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City of Fremantle plans 10MW solar farm on former rubbish dump

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The City of Fremantle is considering plans to develop a large-scale solar farm on a former landfill site in the city’s south.

A call for expressions of interest in the ~10MW project was issued by the council last year and received 10 submissions from solar companies.

US-based giant First Solar has been named as the city’s preferred choice for the project, with the company’s Asia Pacific regional manager Jack Curtis describing it as “ground-breaking” for the Australian solar industry.

It would, indeed, be an important win for Australia’s big solar industry, which has been brought to a standstill due to policy uncertainty surrounding the future of the large-scale component of the Renewable Energy Target (RET).

With little support from federal or even state governments, it has fallen to local government councils to roll-out utility-scale solar, providing a hedge against rising electricity prices for themselves and rate-payers.

Queensland’s Sunshine Coast Council has led the way on this, having already lodged a development application to transform 24 hectares of a former sugar plantation near Coolum into a 10-15MW solar farm.

valdora

The proposed Valdora solar farm in Queensland

In the works since July 2013, the proposed Valdora Solar Farm would be one of Australia’s largest big solar examples, generating enough power to meet at least half the council’s electricity needs for the next 30 years, and slashing its energy costs.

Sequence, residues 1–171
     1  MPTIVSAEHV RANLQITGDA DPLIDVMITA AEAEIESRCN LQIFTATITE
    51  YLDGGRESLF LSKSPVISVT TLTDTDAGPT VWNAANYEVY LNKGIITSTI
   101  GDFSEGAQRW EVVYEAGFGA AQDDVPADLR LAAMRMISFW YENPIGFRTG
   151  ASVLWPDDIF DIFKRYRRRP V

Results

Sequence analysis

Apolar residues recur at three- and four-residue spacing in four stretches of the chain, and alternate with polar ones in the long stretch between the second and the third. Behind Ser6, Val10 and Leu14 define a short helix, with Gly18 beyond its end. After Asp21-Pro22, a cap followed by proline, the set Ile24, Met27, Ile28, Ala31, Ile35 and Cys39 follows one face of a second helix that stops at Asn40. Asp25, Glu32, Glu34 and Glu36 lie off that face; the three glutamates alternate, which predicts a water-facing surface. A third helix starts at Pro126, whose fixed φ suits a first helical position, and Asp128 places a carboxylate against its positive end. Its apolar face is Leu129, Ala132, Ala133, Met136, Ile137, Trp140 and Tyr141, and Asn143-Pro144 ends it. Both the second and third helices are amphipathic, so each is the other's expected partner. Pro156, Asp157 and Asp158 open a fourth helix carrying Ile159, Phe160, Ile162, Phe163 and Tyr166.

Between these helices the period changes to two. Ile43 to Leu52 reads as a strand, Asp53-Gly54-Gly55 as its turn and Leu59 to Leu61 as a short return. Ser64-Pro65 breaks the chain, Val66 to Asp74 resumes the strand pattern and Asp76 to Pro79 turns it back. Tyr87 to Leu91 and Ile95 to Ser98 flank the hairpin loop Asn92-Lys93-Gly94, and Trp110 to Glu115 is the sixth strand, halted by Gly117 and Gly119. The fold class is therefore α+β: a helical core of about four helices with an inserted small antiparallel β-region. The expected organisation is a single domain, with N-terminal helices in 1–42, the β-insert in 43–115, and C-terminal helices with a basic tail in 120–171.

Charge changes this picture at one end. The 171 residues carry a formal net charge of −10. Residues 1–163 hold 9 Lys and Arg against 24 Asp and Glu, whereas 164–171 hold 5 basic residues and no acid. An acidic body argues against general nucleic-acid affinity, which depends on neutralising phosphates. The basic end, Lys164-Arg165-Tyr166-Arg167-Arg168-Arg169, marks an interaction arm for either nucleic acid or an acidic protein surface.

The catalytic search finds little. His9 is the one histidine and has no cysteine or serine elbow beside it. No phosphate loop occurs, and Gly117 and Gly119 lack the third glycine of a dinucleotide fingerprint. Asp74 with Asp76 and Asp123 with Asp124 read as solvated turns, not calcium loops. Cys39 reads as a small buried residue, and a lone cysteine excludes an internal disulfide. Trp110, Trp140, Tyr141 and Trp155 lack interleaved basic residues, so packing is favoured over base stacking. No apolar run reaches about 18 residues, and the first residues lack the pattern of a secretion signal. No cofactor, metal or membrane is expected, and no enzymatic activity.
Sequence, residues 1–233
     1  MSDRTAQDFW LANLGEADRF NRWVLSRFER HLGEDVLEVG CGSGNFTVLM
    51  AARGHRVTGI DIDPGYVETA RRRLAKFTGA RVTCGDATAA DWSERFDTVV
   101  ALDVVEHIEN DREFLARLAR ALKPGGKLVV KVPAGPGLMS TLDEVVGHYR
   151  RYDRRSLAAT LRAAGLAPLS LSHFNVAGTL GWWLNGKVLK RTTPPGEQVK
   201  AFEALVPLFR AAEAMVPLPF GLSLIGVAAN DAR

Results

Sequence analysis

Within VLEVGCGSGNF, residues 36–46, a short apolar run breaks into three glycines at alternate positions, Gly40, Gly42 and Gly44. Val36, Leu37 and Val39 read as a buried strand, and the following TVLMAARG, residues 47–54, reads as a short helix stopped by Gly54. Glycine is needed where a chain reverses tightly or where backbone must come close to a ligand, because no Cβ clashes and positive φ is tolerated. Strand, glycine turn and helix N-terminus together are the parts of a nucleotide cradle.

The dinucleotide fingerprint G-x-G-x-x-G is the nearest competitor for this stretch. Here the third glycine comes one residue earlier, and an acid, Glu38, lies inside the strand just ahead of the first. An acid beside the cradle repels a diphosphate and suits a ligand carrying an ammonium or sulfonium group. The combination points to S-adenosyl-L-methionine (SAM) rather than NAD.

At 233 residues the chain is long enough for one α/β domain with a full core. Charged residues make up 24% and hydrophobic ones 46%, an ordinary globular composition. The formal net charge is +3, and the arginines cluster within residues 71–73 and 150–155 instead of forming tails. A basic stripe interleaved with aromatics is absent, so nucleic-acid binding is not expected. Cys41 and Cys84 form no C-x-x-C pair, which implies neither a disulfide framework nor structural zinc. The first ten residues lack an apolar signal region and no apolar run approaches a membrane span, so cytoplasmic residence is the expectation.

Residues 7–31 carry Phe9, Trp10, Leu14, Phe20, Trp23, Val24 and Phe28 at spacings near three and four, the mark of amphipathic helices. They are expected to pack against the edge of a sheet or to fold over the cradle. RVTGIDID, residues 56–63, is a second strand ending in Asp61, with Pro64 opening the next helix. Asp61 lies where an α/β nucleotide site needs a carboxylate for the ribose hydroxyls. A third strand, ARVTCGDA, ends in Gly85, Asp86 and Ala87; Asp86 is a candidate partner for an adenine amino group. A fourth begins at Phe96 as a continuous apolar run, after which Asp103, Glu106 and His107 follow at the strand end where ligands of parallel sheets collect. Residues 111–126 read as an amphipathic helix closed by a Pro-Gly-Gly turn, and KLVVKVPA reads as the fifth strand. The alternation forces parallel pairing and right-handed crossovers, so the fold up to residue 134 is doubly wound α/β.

The planned Fremantle project, if it goes ahead, would not be far behind its Queensland cousin – in size – and according to Mayor Brad Pettit, would be a solid step towards a zero-carbon Fremantle.

“The Fremantle community has been a consistent leader in creating a more sustainable, low carbon Fremantle and this further enables that,” Pettit said.

Long before the plans for a solar farm were hatched, a community-based group launched a campaign for the development of a 12-turbine wind farm of up to 9.6MW to be located in the Port of Fremantle, where it could harness the City’s renowned wind resource, known as the “Fremantle Doctor”.

But while the Council has been supportive of this project – which has been declared commercially viable and not in need of subsidisation – the Fremantle Port Authority, which owns the land, has opposed the idea, citing operational or social risks to the port.

Mayor Pettit says the solar farm proposal – although still a few years away from regulatory approval – offers a great opportunity to locate a renewable energy source close to a major load centre and to engage directly with the progressive Fremantle community.

“Rather than buying our power from a distant coal-fired power station we will be able to buy power produced sustainably and probably more cheaply from around the corner in South Fremantle,” he said.  

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  • Miles Harding

    Add ‘political risks’ to the Port of Fremantle’s issues.

    The port is owned by the state government. The minister could (and should) command the port to help build the wind farm, in which case it would quickly become a reality. The fact that this hasn’t happened says volumes about the leanings of a state government that is more concerned with vanity projects and preserving its shameful over-investment in poles and wires and worthless refurbishments of ancient power stations.